Sweet Cicely is good for the digestive system and if you add finely chopped ginger to the boiling water you make the tisane with, it will relieve flatulence and aid digestion. The root in a decoction is mildly stimulating and relaxing as it has antispasmodic properties. It is used in cough medicines as an expectorant. The volatile oils and flavonoids in the plant are antiseptic, and will purify the blood, act as a carminative and will improve appetite. You can boil the root with the leaves to make a tisane too. You won’t need to use sugar or a sweetener such as honey.
Cook the roots as you would parsnips and use them to flavour soups and stews, and use the leaves as a garnish and in salads. Use the root to make a decoction in wine, brandy or water and use for all the ailments mentioned above. Apparently these decoctions are good for bites from vipers (the only venomous snake in Britain) and for cleaning putrid wounds that are not healing. The decoction made with wine was often given to people with consumption.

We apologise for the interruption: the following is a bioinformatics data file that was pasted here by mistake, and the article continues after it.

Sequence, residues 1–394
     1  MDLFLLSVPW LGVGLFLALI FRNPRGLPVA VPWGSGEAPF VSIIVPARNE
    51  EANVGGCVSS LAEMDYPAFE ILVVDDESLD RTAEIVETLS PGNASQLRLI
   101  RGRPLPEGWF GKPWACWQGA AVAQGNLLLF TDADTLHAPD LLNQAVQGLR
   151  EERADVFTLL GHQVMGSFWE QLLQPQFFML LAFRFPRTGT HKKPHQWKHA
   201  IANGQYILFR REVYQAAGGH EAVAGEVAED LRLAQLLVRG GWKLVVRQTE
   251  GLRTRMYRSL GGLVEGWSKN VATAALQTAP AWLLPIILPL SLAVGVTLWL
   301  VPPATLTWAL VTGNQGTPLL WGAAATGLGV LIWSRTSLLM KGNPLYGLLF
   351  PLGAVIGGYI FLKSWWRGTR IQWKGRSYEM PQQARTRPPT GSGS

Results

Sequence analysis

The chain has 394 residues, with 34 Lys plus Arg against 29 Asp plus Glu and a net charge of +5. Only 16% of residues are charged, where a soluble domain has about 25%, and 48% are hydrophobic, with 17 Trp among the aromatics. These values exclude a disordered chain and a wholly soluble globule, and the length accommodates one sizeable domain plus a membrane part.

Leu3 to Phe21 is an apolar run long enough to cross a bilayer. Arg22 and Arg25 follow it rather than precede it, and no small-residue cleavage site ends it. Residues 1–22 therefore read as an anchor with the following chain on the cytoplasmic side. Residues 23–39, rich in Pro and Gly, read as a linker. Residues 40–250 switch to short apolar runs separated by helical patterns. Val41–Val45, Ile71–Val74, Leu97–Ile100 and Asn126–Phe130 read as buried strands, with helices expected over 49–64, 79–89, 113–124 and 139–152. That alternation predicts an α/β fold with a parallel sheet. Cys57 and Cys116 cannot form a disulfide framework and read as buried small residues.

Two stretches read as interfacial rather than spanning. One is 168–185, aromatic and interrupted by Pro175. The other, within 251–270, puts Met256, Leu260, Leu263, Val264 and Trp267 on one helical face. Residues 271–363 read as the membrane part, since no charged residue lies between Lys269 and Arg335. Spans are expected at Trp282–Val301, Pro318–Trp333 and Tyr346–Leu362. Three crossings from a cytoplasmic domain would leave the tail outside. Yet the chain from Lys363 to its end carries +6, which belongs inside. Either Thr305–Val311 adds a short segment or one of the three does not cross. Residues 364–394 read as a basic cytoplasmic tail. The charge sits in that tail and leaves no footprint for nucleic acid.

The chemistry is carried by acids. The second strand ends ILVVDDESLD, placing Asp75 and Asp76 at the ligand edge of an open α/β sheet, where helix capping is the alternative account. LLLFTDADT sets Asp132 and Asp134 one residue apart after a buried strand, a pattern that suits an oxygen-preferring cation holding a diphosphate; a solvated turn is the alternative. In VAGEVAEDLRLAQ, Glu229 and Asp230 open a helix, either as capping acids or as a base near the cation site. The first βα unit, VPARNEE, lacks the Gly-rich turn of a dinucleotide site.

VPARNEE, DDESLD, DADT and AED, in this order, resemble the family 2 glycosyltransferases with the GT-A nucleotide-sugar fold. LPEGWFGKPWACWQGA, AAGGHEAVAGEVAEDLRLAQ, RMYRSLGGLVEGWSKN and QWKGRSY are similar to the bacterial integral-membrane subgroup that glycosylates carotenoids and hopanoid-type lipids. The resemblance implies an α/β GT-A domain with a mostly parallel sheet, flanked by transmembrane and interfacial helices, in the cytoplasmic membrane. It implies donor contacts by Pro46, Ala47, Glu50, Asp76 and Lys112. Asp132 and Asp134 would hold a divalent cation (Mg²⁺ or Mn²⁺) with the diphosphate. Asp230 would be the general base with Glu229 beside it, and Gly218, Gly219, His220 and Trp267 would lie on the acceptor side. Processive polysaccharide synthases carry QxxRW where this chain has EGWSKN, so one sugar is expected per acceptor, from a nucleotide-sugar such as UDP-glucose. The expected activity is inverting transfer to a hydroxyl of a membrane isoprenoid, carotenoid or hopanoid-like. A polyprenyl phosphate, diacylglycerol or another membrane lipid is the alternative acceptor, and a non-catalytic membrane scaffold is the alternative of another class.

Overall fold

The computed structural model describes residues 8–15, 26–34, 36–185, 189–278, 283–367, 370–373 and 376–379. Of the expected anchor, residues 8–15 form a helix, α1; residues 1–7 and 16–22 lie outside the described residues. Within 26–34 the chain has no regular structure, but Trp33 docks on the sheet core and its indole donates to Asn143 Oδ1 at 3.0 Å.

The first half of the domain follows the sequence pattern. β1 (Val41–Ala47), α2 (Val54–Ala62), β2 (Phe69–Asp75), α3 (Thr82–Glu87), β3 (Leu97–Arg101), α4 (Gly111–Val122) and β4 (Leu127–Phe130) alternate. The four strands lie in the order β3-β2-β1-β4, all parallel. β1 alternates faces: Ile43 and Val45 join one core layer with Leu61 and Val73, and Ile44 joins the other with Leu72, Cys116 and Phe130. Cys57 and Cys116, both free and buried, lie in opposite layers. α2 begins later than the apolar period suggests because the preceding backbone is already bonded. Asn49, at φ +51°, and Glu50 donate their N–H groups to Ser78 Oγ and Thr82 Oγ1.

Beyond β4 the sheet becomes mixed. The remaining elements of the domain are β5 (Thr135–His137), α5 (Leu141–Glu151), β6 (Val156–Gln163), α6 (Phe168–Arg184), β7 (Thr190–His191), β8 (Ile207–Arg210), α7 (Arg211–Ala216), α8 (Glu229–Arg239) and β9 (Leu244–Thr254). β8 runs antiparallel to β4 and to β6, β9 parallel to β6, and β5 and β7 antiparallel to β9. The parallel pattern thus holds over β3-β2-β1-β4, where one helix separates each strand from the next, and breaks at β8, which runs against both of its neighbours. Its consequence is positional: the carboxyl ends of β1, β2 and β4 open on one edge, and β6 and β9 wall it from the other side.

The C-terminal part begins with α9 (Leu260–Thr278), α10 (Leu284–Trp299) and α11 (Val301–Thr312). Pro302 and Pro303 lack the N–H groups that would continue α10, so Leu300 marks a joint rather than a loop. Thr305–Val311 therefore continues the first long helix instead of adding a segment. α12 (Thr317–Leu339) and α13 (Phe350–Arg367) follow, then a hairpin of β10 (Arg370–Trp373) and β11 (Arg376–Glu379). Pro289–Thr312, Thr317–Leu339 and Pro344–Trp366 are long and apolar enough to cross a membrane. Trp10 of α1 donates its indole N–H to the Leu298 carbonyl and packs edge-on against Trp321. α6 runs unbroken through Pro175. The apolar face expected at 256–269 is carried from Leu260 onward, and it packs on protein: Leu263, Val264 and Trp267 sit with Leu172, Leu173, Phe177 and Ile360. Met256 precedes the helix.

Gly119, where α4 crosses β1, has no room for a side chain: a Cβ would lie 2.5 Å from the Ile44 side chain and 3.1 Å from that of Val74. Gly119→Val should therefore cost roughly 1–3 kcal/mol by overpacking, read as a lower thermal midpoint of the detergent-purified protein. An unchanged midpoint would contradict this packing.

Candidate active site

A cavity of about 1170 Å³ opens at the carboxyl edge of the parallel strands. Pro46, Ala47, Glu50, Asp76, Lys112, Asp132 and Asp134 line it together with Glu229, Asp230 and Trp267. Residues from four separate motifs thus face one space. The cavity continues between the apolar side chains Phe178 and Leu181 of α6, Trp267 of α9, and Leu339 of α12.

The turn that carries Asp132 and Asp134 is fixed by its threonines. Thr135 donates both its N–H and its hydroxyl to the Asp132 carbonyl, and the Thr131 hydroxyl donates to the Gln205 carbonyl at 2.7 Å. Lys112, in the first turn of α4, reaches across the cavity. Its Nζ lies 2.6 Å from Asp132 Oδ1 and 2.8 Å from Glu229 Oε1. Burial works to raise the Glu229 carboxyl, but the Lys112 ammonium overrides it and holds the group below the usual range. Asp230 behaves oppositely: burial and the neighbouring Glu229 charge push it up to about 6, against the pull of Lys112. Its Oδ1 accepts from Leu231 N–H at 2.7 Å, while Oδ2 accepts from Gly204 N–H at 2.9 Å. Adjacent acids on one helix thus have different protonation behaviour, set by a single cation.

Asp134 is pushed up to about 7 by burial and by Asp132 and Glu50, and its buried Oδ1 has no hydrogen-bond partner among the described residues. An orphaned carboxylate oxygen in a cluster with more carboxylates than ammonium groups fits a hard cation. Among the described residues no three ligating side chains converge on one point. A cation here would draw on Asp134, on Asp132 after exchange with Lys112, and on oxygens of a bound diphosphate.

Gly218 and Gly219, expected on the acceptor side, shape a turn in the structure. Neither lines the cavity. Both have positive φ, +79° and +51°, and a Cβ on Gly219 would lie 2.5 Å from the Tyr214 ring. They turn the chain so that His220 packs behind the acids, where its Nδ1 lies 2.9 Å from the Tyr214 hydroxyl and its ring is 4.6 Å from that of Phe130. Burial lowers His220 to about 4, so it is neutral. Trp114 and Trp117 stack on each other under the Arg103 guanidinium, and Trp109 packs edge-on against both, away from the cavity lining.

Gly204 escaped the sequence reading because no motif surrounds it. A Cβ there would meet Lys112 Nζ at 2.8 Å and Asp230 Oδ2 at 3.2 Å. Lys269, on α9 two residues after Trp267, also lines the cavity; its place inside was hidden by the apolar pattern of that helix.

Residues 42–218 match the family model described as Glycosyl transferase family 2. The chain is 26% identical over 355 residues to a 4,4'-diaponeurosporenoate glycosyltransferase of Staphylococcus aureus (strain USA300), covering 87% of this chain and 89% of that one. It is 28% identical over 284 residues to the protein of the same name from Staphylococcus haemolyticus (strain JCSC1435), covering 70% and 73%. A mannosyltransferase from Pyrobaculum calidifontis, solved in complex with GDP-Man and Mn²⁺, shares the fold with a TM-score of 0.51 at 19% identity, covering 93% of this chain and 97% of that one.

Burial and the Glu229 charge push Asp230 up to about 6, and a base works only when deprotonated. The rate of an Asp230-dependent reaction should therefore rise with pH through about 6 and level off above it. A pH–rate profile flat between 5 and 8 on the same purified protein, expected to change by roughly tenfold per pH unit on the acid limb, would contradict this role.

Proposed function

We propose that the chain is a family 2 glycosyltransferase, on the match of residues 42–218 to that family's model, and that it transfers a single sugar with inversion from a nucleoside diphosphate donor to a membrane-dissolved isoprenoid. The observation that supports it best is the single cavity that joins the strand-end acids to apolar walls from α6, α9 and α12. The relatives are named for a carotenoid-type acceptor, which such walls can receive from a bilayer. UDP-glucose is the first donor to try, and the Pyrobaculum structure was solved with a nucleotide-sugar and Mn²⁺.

If you make a paste with the roots and leaves and apply it to the skin, it will cure skin problems. The seeds when pounded into a paste have been used to make a sweet-smelling furniture polish. You can chew the fresh seeds to aid digestion too. They taste like liquorice.
These photos of the plant were taken by Aldo De Bastiano.
PRAWN AND SWEET CICELY RISOTTO
500 gr prawns, shelled and the shells reserved
1.25 litres chicken stock (or water or vegetable stock)
75 gr butter or oil for frying
1 glass of white wine (dry)
300 gr Arborio rice